Friday, October 5, 2012
Who Should Get to Vote?
I had this thought the other day. It came to me almost as a joke, but still I wonder . . .
I saw a story about a 92-year-old widow in one of the states where they're trying to put in voter i.d. laws. The woman has been voting for 70 years. She sold her car a few years ago because it was getting difficult for her to drive, and now she no longer has a driver's license. She isn't planning any international trips, so she doesn't have a passport. So under the new legal restriction, she would no longer be able to vote.
The clear message: Obviously, this woman has every right to vote, and the new i.d. law would deny her that inalienable right.
Okay, I get it. On the other hand . . . what the story really made me think was that while many 92-year-olds are still sharp as a tack, many others are suffering from Alzheimer's or other problems that cause them to lose their mental faculties. Besides, to be brutally honest, what do 92-year-olds care about the future of the country anyway? Okay, they might give a thought to their children and grandchildren, but most 92-year-olds themselves will be gone before the end of the next presidential term.
It's a cold, hard fact that the aging process often robs us of our mental and physical capacities. And if some of the 90-somethings have lost their mental ability and social consciousness, does it really help the future of our country to count their votes?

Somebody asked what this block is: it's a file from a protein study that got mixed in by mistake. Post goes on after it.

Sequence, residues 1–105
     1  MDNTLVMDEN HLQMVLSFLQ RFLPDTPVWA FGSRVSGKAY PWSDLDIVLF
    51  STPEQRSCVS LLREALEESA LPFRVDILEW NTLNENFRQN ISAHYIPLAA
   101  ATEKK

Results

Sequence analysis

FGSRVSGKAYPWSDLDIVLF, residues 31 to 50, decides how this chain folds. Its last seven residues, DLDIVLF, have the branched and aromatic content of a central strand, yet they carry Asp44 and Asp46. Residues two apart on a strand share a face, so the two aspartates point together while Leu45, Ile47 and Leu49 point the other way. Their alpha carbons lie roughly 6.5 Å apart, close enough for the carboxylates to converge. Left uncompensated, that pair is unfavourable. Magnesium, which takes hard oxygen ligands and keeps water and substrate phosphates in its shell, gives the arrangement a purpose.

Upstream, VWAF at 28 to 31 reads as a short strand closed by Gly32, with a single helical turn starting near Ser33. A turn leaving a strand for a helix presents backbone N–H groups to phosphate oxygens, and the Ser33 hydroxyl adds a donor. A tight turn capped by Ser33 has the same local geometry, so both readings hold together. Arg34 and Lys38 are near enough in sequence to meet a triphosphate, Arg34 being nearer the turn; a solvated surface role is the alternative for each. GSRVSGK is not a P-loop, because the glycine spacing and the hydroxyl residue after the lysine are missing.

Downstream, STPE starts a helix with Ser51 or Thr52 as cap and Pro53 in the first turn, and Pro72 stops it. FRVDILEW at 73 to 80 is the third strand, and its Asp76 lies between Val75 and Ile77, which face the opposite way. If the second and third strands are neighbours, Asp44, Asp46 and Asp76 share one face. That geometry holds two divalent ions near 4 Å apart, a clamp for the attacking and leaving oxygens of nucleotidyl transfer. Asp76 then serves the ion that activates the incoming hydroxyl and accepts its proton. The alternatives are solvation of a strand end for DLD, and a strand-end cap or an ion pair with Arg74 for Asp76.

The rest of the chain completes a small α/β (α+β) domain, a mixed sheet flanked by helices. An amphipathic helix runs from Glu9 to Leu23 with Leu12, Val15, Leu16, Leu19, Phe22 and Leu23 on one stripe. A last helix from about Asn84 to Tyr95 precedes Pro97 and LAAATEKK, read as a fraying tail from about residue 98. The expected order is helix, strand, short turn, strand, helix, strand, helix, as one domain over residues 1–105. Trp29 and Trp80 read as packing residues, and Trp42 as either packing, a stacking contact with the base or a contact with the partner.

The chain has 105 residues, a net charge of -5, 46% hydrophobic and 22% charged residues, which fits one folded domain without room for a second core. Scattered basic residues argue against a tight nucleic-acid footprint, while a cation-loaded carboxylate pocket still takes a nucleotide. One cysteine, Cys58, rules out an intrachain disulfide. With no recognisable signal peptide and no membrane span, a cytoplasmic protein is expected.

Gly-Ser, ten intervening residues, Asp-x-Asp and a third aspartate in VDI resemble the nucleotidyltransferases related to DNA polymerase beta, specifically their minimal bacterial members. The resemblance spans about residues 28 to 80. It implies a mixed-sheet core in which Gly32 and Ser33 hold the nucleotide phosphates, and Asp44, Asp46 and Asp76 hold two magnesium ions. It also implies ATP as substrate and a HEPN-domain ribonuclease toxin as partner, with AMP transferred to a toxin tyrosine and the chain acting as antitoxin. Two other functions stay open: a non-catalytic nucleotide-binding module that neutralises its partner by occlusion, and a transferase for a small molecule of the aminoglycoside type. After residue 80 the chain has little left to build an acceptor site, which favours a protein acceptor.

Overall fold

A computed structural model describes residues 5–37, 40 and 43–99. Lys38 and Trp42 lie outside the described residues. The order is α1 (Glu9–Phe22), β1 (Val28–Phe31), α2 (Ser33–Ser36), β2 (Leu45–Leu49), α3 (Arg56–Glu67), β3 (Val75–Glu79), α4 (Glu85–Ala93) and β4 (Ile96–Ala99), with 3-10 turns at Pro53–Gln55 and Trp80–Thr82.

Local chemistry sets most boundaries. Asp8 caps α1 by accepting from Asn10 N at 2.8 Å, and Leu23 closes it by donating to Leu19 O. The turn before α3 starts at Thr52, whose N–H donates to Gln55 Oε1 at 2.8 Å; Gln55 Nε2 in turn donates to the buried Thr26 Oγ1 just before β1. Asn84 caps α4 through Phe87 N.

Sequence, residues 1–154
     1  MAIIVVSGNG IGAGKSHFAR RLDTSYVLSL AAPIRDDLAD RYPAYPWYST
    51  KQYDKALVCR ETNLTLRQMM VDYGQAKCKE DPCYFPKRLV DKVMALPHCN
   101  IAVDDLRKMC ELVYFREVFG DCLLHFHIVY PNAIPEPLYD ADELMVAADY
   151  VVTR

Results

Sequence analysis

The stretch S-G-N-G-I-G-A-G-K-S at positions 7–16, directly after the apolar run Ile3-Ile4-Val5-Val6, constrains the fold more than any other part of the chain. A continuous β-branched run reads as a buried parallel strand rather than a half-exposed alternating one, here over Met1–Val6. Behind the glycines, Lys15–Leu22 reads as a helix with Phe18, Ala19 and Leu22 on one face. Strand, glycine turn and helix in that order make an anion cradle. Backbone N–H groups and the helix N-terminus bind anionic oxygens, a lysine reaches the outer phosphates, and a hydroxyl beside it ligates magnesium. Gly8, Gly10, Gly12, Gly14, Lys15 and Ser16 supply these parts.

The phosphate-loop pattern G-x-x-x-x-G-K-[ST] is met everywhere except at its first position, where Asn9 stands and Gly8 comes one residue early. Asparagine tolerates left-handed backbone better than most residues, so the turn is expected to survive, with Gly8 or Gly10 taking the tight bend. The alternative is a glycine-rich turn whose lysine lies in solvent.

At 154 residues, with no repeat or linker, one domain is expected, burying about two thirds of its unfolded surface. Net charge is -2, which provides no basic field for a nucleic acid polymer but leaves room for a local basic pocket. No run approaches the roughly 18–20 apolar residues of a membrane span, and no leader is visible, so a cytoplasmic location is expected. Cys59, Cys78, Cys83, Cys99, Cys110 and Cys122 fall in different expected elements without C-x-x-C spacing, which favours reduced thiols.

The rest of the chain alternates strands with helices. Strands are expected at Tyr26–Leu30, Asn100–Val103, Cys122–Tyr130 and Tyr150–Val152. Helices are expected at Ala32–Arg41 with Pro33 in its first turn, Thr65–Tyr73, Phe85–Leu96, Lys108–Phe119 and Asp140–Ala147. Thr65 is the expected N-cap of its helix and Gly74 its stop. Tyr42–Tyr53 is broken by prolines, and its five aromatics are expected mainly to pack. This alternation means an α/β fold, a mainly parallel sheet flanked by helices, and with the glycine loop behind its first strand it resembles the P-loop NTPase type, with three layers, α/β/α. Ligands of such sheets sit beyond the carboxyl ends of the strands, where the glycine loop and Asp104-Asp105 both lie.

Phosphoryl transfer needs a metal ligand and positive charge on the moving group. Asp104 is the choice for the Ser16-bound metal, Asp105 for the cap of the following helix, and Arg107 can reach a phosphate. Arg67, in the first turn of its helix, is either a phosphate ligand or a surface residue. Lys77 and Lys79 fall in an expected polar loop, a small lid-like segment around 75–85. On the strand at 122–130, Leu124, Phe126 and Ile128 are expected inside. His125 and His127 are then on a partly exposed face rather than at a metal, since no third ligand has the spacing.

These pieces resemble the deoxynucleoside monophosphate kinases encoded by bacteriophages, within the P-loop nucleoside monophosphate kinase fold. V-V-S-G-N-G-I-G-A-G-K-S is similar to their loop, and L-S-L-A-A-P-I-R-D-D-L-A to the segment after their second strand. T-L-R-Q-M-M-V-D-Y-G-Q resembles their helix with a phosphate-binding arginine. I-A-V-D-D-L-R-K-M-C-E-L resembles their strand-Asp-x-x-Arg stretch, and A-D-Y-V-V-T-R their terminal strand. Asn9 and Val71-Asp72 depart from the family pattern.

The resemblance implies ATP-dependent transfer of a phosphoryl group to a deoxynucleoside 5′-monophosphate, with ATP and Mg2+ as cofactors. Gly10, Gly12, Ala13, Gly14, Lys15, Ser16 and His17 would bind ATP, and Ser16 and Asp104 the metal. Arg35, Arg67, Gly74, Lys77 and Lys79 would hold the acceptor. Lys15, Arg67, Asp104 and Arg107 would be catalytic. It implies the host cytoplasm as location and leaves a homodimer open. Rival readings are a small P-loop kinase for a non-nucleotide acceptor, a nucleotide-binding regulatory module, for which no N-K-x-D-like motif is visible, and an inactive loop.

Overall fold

If our dottering 92-year-olds shouldn't vote because they're forgetful and possibly confused, then why should we want other incompetent people to vote? Don't they just mess things up for the rest of us?
Should Bernie Madoff or Allen Stanford get to vote? Why? So they can vote in favor of political candidates who want to legalize theft and fraud? Is a good idea for crack whores and pimps to vote? Are we supposed to take their views seriously? What about people who are mentally challenged? Do they understand the political process? Do they know how the economy works?
What about high-school dropouts? Should we let people who for whatever reason are so short-sighted, so unable to control their own lives, that they kill their own future prospects have a voice in killing our future prospects?
I know the idea of "one man, one vote" is sacrosanct in our democracy. But just maybe it's not such a great idea to let the ignorant, the uneducated and the incompetent help us decide the future of our country.
Last year Newsweek did a survey, giving 1,000 Americans the American Citizenship Test, the exam taken by immigrants who want to become a citizen. After the results came in, Newsweek could only conclude: "The country's future is imperiled by our ignorance."
Among the results: Some 27% of respondents did not know who is in charge of the executive branch of government. Really? Should these people be allowed to vote for president, when they don't even know what his job is? Almost 30% could not name Joe Biden as the current vice president. Over half could not say how long a senate term is! Is it really helpful to the country for these people to help decide who the next group of senators will be?